You should be familiar with the basic plot of The Strange Case of Dr. Jekyll and Mr. Hyde. The short story by Robert Louis Stevenson has been subjected to numerous adaptations. In 1931, there was an Oscar winning movie version, but most versions have been b-grade movies at best. 1951 saw the birth of Son of Jekyll, so to speak. Six years later came Daughter of Jekyll. In 1944 Mighty Mouse met Jekyll and Hyde Cat and Abbott and Costello had a run in with Dr. Jekyll and Mr. Hyde in 1953. Perhaps the most creative adaptation, which I have only heard about and not seen, was The Dr. Jekyll and Mr. Hyde Rock ‘n Roll Musical.
But just in case, let me review the basic details of the story of Dr. Jekyll and Mr. Hyde: a scientist concocts a potion that divides him into two personalities: the benevolent, kind Dr. Jekyll and the evil, murderous Mr. Hyde. At first, Dr. Jekyll enjoys the freedom to commit various crimes under the guise of Mr. Hyde. However, as time progresses he finds the anecdote that turns him back into Dr. Jekyll to be less effective and the demon that is Hyde grows stronger and stronger until he is overpowered. No longer is Jekyll able to resist the power of Mr. Hyde. He is trapped.
It should come as no surprise to you that many adaptations, such as The Dr. Jekyll and Mr. Hyde Rock ‘n Roll Musical fail to capture the finer nuances of the story. It was not originally some sci-fi horror story. It was written in the late 1800s by Stevenson not about the horrors of scientific hubris but rather about the horror within every human heart.
Dr. Jekyll struggles against his sin nature and speaks of the struggle in terms similar to Romans 7. The potion that he concocts was designed to free him of these rather unpleasant urges; to separate him from his evil side. However, the power of his evil side begins to overwhelm him. This is not just a story about a creepy scientist—it is about every person and the terror of the power of sin!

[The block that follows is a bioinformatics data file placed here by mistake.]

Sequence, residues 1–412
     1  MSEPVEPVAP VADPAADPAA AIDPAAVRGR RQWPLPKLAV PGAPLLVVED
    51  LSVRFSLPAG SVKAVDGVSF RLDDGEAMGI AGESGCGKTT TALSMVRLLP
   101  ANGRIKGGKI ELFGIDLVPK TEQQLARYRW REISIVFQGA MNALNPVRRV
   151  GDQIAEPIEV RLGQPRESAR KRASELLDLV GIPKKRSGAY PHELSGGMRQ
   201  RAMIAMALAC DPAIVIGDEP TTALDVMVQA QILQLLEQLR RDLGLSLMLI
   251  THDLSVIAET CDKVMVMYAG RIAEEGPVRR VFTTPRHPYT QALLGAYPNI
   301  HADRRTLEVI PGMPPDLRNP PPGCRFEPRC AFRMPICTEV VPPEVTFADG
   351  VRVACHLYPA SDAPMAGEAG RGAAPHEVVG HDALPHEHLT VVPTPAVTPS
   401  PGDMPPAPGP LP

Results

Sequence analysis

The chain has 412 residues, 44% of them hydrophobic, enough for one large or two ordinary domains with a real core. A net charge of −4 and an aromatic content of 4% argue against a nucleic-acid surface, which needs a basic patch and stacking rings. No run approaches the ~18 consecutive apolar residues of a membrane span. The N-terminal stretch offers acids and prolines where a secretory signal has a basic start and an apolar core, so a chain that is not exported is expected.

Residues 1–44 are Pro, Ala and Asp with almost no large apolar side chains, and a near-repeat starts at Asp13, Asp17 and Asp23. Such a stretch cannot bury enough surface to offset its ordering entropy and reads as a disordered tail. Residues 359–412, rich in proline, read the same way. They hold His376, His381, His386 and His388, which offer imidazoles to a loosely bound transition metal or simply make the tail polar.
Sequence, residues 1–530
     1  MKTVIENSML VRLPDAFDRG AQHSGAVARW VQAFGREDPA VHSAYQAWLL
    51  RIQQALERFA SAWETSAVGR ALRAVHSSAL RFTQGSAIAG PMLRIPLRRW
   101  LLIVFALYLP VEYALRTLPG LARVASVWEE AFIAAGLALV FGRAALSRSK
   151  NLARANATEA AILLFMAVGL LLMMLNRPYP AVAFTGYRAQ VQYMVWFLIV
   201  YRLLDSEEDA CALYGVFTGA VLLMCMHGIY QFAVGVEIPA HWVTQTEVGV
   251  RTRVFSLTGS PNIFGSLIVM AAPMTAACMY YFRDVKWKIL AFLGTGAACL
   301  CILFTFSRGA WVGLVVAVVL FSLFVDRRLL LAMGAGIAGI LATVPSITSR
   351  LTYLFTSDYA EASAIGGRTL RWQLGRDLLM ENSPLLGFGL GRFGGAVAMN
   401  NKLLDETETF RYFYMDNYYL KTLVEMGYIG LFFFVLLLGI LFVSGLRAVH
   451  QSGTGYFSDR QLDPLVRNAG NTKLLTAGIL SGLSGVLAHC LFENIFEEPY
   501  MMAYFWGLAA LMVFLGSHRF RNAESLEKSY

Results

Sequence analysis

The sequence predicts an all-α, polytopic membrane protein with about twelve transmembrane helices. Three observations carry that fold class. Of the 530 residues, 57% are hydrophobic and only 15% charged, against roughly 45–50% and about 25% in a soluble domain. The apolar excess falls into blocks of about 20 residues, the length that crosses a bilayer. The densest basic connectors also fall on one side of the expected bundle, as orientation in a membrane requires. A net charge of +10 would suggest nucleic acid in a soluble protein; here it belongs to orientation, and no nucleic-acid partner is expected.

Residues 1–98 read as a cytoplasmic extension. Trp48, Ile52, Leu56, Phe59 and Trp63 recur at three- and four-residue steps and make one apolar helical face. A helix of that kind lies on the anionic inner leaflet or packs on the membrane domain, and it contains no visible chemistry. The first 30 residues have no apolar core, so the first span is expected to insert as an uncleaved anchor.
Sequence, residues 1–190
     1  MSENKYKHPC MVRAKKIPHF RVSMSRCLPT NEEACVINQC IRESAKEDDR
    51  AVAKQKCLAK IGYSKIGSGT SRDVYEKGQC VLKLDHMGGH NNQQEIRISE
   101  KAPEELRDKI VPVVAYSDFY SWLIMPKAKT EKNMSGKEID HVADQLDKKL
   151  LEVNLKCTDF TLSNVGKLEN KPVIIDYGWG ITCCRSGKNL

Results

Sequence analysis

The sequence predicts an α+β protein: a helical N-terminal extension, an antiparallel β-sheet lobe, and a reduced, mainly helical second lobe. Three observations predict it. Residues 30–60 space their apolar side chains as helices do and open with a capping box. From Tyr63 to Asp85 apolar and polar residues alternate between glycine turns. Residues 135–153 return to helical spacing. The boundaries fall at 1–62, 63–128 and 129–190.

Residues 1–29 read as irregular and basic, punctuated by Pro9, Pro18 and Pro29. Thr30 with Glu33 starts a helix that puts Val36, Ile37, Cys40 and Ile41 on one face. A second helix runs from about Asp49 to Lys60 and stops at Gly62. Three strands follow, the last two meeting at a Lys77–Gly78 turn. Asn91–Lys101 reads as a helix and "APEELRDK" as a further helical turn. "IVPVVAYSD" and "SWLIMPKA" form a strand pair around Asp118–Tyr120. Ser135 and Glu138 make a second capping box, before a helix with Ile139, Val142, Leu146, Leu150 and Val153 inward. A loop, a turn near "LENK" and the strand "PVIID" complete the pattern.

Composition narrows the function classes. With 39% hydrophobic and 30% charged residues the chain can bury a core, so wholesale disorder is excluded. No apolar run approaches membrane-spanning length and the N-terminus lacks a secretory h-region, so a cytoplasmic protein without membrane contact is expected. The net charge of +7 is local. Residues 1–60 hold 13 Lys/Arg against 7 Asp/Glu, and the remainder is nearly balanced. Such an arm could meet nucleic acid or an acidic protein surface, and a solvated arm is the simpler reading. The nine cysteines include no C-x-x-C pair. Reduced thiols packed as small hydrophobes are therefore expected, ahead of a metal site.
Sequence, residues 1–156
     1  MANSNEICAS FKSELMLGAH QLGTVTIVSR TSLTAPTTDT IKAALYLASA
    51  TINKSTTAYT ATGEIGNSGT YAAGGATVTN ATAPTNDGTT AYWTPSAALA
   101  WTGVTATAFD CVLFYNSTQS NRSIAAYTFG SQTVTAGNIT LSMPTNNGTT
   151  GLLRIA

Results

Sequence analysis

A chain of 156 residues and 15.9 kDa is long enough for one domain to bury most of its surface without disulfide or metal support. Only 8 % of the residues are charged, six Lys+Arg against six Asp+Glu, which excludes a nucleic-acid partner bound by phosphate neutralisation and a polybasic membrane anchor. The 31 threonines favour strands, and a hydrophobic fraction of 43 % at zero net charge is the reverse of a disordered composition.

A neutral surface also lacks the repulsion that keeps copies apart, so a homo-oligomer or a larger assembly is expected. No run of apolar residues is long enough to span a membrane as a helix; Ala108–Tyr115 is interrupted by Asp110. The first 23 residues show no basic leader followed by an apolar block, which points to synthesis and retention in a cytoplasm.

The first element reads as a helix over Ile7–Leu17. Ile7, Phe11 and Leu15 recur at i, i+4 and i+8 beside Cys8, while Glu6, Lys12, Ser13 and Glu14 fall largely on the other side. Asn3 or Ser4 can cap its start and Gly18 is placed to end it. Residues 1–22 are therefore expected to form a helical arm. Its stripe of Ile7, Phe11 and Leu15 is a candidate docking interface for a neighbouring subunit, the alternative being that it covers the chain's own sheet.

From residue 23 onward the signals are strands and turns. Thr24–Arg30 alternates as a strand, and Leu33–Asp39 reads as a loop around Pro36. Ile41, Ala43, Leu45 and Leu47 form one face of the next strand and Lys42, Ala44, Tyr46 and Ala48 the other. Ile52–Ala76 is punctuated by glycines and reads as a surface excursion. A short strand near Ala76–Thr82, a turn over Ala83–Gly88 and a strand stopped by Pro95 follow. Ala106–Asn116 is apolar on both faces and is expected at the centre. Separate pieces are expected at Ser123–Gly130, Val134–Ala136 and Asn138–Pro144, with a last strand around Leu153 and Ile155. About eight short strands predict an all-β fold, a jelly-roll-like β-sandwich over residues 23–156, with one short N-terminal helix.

This should be a struggle that every believer feels. We have a desire to control our sin nature but at times are completely overwhelmed by it.
I've felt this reality in my struggle with gluttony. I knew that my metabolism would slow down when I made the transition from my 20's to my 30's, but no one warned me that my metabolism in my mid-30's would be slower than my metabolism of my early-30's. I am approaching the point where my gluttony can't be concealed by a fast metabolism!
Let me quickly present four principles on self-control from the book of Titus, especially Titus 2:11-14.
1. All of us are to exercise self-control.
Throughout the book, various groups are either explicitly or implicitly told to have self-control: children of leaders of the church (implied, 1:6); leaders themselves (1:8); older Men (2:2); older women (in relation to wine); young women (2:5); young men (2:6); and slaves (2:9)
God expects the members of His church to be able to live sensible lives—to be in control of their actions. This attacks the insinuation of many that some people are incapable of controlling their baser urges.
2. Our ability to exercise self-control is the grace of God.
In Titus 2:11, Paul says that "the grace of God that brings salvation has appeared to all men." This grace "teaches us to say "No" to ungodliness... and to live self-controlled... and godly lives in this present age" (v. 12).
Salvation protects us from ungodly behavior and promotes self-controlled, godly behavior. Self-control is itself a fruit of the Spirit.
3. Part of the motivation for our self-control is our future.
When I'm failing to practice self-control in my eating, I'm thinking very little about the future. I'm thinking about the present enjoyment of another chocolate-chip cookie. But Paul tells Titus that we are to live in expectation of "the blessed hope" which is "the glorious appearing of our great God and Savior."
I'm not motivated by slogans or cute sayings. I'm motivated by the future appearing of my Lord Jesus Christ!
4. The provider of our self-control is our savior.
Finally, Paul tells Titus, the one who provides our salvaiton and ability to practice self-control is our savior. He "gave himself for us to redeem us from all wickedness and to purify for himself a people that are his very own, eager to do what is good" (2:14).
I hope you find these principles encouraging. Self-control is a challenge each of us has. May God lavishly bestow His grace upon us!